For some reason, there’s been a lot of talk about in-flight Wi-Fi these days. First, Gogo announced that it will launch in-flight 5G networks and AirFrance let the world know that it plans to use LiFi instead.
I mean, modern travel is not really the most relaxing of experiences, especially when, in a time as connected as ours, you get completely cut off from what is happening in the world below and are confined to the fishbowl-environment of an airplane for hours.
It’s even worse when you still have work to do but can’t because said work requires and internet connection. But, at long last, the woes of passengers who can barely pass the hours without in-flight Wi-Fi might finally come to an end.
Perhaps airlines realized that the only way to keep passengers, especially children, occupied on flights is to keep them glued to the screens of their smartphones, laptops or tablets, who knows. But we welcome the change.
Another company is now promising to offer reliable Wi-Fi on its flights: American Airlines.
However, American Airlines was not just making promises about future plans – the company has already deployed ViaSat satellites that will begin to offer Wi-Fi on over 700 domestic aircrafts. These systems offer a large coverage area, unlike the ground-based ones, which means you’ll be able to chat with your friends over Facebook even while you’re above large bodies of water.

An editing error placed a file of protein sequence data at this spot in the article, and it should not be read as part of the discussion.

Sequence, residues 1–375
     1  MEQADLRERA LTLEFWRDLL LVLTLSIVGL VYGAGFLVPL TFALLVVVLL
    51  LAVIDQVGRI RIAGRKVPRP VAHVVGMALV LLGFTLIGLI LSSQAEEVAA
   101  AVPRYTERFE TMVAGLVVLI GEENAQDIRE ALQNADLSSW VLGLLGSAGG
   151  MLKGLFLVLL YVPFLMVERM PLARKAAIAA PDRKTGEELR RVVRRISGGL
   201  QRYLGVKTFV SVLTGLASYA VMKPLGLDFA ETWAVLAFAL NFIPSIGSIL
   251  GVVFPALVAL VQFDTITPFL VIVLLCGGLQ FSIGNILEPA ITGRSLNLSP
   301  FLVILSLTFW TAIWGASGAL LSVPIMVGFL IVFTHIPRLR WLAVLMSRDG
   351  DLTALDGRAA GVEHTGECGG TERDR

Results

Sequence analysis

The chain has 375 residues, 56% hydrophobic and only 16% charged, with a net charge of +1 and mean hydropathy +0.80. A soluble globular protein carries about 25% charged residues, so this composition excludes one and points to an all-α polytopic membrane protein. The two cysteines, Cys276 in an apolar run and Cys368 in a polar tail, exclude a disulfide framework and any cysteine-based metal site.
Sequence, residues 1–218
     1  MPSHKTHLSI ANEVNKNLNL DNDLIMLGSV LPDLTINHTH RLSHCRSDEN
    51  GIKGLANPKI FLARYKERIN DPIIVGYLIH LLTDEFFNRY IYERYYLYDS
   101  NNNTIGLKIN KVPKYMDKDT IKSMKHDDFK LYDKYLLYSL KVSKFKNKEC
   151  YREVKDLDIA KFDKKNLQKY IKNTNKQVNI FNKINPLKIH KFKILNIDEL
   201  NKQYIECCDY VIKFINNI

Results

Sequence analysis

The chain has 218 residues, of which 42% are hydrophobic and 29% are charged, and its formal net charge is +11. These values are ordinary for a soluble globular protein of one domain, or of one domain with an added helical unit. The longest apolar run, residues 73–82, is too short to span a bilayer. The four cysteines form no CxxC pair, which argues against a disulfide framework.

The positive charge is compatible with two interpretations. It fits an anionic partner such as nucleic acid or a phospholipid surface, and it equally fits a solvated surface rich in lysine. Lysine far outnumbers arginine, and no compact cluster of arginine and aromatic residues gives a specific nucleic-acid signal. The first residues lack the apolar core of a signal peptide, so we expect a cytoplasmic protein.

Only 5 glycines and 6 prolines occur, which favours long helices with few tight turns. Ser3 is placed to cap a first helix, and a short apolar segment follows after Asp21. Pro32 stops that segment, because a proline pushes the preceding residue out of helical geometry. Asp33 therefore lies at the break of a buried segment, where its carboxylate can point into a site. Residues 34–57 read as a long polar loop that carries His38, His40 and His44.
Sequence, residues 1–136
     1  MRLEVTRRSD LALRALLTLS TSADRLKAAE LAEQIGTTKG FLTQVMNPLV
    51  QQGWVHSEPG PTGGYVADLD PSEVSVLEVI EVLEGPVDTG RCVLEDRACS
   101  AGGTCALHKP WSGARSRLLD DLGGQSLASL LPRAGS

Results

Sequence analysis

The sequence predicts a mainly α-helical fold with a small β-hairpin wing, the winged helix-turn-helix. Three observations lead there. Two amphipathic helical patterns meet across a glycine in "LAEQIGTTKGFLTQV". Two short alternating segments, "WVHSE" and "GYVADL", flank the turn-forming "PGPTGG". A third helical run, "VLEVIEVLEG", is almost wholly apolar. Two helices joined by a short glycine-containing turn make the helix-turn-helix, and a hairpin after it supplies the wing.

The planes will also offer 12 free live TV channels not only on its domestic flights but on the international ones as well, an option that you normally wouldn’t get on those long-haul trips.
The airline will also be installing power outlets on every seat for the mainline and two-class regional fleets, as well as tablet holders.
“Elevating the travel experience is one of our top goals at American and we’ve been working hard to provide our customers with the same level of entertainment and connectivity options they enjoy in their own living rooms,” Kurt Stache, Senior Vice President for Marketing, Loyalty and Sales for American Airlines said in the announcement. “In less than two years, we completed broadband internet installation on our entire mainline fleet and we will continue setting new standards in the industry to show our customers we value the time they spend with us.”
However, if you’re looking forward to being Wi-Fi busy during your flight or if you’re planning to do some work while you travel towards your destination, it’s worth mentioning that you will most likely have to pay for it.
Delta has begun testing free Wi-Fi, for example and, while American does offer free Apple Music streaming, it has always taxed its clients for access to chat apps and Wi-Fi, so hopefully, with this new system in place, the company will decide to include it in the ticket prices eventually.